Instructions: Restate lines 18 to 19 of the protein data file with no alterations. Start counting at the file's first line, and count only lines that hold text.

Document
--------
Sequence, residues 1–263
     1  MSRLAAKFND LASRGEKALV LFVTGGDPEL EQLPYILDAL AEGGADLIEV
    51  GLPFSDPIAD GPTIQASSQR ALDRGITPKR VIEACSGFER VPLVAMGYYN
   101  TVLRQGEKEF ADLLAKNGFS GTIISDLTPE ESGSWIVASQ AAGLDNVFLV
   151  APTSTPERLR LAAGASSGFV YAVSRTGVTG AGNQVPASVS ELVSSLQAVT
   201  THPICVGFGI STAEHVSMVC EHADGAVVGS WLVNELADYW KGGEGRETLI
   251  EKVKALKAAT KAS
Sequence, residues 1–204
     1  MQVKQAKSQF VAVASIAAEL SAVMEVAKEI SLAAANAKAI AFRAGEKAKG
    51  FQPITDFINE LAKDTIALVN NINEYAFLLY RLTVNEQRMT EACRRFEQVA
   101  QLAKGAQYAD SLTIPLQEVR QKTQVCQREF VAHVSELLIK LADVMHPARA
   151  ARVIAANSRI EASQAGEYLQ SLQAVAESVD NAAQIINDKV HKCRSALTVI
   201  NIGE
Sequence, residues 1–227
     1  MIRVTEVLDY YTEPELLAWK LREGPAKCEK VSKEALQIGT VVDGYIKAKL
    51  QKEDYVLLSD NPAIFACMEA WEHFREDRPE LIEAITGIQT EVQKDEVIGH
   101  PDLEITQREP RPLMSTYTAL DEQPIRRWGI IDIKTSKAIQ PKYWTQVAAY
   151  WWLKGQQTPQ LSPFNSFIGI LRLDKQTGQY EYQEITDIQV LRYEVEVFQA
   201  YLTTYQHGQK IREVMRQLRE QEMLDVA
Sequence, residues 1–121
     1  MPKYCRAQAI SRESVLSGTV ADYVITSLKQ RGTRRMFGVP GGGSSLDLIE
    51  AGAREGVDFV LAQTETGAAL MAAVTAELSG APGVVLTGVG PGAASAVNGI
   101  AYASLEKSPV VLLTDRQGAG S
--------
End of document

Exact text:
   151  WWLKGQQTPQ LSPFNSFIGI LRLDKQTGQY EYQEITDIQV LRYEVEVFQA
   201  YLTTYQHGQK IREVMRQLRE QEMLDVA